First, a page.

Good News for Convenience Stores
Northern Ireland retailers benefit from upsurge in sales
The convenience retail market is set to grow by +9.2 per cent or £3.8bn in 2020, due to the impact of the coronavirus pandemic, new research reveals.
The UK Convenience Market Report Update 2020 from Lumina Intelligence shows that while all convenience channels are forecast to grow in 2020, co-operatives, symbol groups and unaffiliated independents are set to outperform the total market, with forecasted growth rates of +11%, +10.9% and +9.9%, respectively.
The report predicts that the UK convenience retail market will reach a value of £46bn by 2023, as weekly sales per store return to more typical levels in 2021 and beyond. In addition, consumers are expected to return to foodservice, with out-of-home food and beverage spend expected to regain the share it lost in 2020.
Anecdotal evidence garnered by NR in talking to its readers demonstrates that many are reporting that trade is buoyant, with many consumers opting to shop closer to home. Northern Ireland convenience retailers could stand to benefit from the trends highlighted in this report.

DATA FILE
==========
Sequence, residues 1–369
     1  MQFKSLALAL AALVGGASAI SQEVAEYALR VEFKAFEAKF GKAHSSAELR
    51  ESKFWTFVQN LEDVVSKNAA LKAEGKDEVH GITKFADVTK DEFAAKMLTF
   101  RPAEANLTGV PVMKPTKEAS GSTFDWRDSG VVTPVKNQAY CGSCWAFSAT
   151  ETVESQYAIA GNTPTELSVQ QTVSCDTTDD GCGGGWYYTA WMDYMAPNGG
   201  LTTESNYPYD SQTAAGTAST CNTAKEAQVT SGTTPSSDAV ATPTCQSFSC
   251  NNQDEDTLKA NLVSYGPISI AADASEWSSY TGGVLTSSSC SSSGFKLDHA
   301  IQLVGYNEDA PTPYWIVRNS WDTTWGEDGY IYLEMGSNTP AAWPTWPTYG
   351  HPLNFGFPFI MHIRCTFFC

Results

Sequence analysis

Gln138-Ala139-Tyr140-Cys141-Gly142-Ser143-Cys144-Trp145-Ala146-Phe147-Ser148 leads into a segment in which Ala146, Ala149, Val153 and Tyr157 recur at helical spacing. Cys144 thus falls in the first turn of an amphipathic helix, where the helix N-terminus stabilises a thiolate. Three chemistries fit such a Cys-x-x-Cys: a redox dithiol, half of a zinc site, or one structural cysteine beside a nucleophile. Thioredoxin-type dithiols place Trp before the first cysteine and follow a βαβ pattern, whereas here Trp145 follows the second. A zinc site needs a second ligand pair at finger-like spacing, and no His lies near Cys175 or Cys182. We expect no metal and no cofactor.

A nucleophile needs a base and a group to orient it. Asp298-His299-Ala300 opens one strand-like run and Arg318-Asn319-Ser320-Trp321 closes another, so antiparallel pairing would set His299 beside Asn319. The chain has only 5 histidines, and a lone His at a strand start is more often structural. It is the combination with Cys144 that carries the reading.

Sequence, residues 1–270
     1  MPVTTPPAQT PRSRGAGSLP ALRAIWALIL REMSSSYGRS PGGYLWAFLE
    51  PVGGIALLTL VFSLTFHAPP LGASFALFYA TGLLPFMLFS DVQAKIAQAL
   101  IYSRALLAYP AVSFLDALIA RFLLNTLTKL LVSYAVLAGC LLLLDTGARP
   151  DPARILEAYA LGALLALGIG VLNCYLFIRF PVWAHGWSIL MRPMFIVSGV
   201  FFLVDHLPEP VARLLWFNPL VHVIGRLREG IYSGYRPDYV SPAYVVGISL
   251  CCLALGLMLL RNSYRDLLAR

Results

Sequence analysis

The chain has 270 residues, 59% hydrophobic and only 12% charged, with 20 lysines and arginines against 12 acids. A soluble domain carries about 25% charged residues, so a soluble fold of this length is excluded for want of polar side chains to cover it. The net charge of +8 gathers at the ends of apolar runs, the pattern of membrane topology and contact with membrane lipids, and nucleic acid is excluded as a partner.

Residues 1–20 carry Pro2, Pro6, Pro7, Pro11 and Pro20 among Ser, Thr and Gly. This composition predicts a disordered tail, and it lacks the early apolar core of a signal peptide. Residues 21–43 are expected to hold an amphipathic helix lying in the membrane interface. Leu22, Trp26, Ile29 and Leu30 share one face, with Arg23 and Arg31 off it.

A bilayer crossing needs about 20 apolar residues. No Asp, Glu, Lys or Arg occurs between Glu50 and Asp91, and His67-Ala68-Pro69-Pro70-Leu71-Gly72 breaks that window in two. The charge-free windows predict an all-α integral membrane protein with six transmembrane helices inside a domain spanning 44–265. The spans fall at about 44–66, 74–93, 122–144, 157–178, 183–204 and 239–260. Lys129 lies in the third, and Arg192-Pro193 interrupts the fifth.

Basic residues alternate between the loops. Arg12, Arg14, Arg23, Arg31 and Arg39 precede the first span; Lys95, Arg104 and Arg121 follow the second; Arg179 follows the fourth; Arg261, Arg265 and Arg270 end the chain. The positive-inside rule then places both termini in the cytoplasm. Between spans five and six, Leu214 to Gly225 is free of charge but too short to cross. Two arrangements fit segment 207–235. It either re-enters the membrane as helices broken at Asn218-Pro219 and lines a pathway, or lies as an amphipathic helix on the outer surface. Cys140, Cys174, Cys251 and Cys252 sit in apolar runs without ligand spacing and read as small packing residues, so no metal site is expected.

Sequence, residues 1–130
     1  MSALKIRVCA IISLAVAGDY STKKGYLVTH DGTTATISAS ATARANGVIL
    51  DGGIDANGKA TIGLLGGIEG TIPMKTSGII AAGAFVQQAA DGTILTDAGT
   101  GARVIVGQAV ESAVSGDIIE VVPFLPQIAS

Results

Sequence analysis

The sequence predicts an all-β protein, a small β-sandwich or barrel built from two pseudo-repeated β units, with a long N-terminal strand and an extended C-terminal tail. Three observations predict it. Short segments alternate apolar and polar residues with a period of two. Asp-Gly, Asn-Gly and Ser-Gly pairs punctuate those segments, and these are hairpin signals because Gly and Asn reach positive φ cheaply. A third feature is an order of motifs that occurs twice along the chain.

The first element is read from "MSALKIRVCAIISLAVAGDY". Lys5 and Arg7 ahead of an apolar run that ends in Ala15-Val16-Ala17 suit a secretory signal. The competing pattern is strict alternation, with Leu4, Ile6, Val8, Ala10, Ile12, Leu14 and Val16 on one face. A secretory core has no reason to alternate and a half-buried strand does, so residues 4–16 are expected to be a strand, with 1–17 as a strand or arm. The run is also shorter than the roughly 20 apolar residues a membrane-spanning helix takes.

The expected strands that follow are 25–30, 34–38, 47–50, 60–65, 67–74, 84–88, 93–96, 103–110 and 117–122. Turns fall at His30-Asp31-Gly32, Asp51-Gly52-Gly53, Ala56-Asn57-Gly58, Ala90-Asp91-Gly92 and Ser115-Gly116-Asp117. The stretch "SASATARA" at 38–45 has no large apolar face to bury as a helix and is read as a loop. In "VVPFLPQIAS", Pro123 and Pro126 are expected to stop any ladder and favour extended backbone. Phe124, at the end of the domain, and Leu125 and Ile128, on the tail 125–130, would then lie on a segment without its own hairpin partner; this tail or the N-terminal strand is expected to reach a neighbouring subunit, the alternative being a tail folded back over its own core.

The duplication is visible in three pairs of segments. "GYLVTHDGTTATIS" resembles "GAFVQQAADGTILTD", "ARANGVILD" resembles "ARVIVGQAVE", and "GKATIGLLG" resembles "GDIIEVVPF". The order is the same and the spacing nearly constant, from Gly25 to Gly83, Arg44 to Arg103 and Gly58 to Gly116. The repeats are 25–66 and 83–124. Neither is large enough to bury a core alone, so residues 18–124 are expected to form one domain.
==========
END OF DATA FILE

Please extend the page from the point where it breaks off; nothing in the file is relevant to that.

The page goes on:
HIM and MCA Insight’s UK Convenience Market Report 2020, shows that the convenience retail market within the UK is set to grow 8 per cent to £44.7bn in 2020 – up from 2.6% growth in 2019.
Increased volume and sales
The report highlights increased volume and sales during the coronavirus lockdown period, as consumers favour in-home consumption due to risk aversion as well as watching their discretionary spend – a trend that HIM & MCA Insight forecast to continue despite lockdown measures easing.
Convenience retail has benefitted from larger basket sizes and spend since the start of the coronavirus pandemic. Basket value has grown 17% year-on-year to £7.46 and average basket size is 2.5 items – up from 2.3 in 2019.
Lockdown has also exacerbated a pre-coronavirus growth trend in planned top-up shopping. Shoppers have turned to convenience for main and planned top-up shopping, with independent retailers more flexible when faced with stock pressures. Planned top-up shops have increased by four percentage points year-on-year, accounting for 22% of all convenience trips in 2020.
Blonnie Walsh, Head of Insight at HIM & MCA Insight, commented: “The turn of the decade has seen a transformative year for the convenience retail market. Convenience retailers have been forced to adapt to new basket dynamics and an evolving core consumer base. A shift in shopper missions has resulted in increased basket spend and size, rewarding retailers for the support and commitment they have shown to their local communities”.
Economy in crisis
Ironically the buoyancy of the convenience sector bucks the trend – as the overall economy is set to nosedive. A front page report on the Belfast Telegraph reported a dark Christmas ahead for many sectors – with the economy to be hit by a £360m downturn.